• Promotion of empathy, perspective taking and nonjudgmental approaches to difference, especially with regard to the 2SLGBTQ+ community
    • Increasing the capacity of educators to model and encourage the use of inclusive language, perspective taking, and nonjudgmental approaches to difference, etc.
    • Identifying and presenting appropriate learning resources with 2SLGBTQ+ content
    • Increasing the capacity of instructors to design learning materials and activities that address 2SLGBTQ+ content
    • Providing support for 2SLGBTQ+ instructors to navigate their own approach to 2SLGBTQ+ inclusion
  • Instructors are encouraged to collaborate with colleagues to explore ways to promote 2SLGBTQ+ allyship and to seek input and mentoring from willing 2SLGBTQ+ individuals.
  • The program does not presume that their 2SLGBTQ+ staff represent the voice of all sexual and gender minorities; neither does it put undue burdens on their 2SLGBTQ+ staff to educate others.

  • The program provides support to 2SLGBTQ+ learners or connects them with agencies that can provide that support (e.g., support groups, employment counselling, and immigration services).
  • Services for 2SLGBTQ+ individuals are offered with full acceptance of sexual and gender diversity (i.e., without bias or judgment).
  • Schools have a crisis response policy or clear processes to follow to address 2SLGBTQ+ learners’ concerns.
  • The program supports 2SLGBTQ+ learners in efforts to initiate discussions of 2SLGBTQ+ topics and student-led initiatives, such as Gay-Straight Alliances (or Gender-Sexuality Alliances).
  • The school community provides diverse and meaningful ways for 2SLGBTQ+ learners to participate in community-building activities, such as volunteering, advocacy opportunities, peer networks, and mentoring/being mentored.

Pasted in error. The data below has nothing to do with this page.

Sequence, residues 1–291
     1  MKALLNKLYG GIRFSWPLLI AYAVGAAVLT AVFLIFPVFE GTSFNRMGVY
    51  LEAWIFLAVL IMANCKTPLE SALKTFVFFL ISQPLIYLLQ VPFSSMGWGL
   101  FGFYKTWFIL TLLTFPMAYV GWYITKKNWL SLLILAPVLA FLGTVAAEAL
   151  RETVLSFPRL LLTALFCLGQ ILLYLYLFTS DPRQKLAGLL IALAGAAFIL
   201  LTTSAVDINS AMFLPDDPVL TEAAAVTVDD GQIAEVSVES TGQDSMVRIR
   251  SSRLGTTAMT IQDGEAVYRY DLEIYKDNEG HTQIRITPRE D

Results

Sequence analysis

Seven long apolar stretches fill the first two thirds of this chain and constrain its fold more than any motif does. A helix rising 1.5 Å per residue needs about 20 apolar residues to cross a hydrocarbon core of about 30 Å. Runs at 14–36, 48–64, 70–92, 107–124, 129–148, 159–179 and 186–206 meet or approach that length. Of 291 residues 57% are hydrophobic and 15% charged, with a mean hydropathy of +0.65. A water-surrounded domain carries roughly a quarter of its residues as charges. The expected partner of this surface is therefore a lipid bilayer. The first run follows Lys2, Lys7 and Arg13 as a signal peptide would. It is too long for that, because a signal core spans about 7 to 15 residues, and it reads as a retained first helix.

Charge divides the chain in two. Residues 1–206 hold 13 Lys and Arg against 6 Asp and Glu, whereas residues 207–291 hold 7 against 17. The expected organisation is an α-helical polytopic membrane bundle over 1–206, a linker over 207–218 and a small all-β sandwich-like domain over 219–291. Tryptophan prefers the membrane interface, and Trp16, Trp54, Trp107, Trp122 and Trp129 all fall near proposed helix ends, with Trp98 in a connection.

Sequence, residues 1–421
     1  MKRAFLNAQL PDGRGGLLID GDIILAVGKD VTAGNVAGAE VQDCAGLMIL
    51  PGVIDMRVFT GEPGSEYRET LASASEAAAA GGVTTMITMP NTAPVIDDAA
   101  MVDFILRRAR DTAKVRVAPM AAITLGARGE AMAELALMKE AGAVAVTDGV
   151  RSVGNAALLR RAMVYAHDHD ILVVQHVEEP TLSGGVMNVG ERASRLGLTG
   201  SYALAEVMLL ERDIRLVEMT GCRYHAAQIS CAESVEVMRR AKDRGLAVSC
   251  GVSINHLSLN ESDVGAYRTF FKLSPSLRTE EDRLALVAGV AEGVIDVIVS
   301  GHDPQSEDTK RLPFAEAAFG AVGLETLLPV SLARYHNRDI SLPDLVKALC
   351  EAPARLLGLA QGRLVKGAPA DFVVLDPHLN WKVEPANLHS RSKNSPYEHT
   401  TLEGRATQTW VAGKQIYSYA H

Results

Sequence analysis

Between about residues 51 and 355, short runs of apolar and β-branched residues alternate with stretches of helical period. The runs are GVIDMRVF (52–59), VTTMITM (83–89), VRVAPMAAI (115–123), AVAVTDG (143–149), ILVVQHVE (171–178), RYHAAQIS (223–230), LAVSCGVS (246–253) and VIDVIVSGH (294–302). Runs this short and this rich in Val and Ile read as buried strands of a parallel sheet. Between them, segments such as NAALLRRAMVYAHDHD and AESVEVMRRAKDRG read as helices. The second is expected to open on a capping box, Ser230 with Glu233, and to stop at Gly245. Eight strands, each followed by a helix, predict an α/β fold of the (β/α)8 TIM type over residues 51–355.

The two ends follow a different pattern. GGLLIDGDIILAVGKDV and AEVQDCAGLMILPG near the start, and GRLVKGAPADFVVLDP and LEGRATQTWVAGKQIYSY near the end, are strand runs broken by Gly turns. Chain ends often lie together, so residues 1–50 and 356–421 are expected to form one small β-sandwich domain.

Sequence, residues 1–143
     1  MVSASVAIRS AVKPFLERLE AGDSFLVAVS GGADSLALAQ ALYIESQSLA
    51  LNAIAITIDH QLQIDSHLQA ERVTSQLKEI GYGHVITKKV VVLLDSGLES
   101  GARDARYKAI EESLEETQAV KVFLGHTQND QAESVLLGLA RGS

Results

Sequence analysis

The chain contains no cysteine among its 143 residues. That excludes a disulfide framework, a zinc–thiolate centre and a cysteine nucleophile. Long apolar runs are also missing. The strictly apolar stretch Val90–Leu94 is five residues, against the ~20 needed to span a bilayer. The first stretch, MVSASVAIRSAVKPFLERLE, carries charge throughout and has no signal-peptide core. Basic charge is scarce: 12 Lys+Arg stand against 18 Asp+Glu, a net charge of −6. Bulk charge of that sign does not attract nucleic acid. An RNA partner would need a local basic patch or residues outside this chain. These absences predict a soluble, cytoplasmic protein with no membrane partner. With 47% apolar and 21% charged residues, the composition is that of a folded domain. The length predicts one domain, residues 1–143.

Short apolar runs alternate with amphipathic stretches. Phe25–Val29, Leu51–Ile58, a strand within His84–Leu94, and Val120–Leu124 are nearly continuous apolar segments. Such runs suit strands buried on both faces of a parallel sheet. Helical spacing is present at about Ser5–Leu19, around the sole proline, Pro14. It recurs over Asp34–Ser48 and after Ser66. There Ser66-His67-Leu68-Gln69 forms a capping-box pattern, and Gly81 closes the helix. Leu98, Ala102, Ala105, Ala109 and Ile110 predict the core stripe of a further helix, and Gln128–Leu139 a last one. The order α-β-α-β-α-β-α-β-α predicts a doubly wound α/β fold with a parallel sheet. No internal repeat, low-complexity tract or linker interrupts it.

• Instructors teach with the assumption that there are 2SLGBTQ+ learners in their classes who are not visible or out; that is, they recognize that some learners may never choose to be visible or out.
  • Clear expectations are set out for respectful interactions and inclusion of all learners in the class, with explicit mention of sexual orientation, gender identity, and gender expression.
  • Homophobic and transphobic comments are confronted and addressed according to clear policies and guidelines.
  • Instructors use and model appropriate and respectful language when referring to members of the 2SLGBTQ+ community.
  • Instructors use language that includes everyone in the class, and they avoid language that assumes everyone in the class is straight or cisgender, for example:
    • By using inclusive terms like “parents,” “grandparents,” “folks,” “couple,” “partner,” “students.”
    • By stating and asking for preferred pronouns.
    • By using the 3rd person singular “they” to avoid assumptions about gender.
    • By replacing binary forms of address such as “Hello, ladies/gentlemen” with greetings such as “Hello, everyone.”
  • Instructors avoid dividing learners into groups based on gender identity.
  • Classroom activities that involve families and holidays (Family Day, Mother’s Day, Father’s Day) are undertaken in a way that welcomes and includes 2SLGBTQ+ learners and their families (i.e., heteronormative or binary expectations are avoided).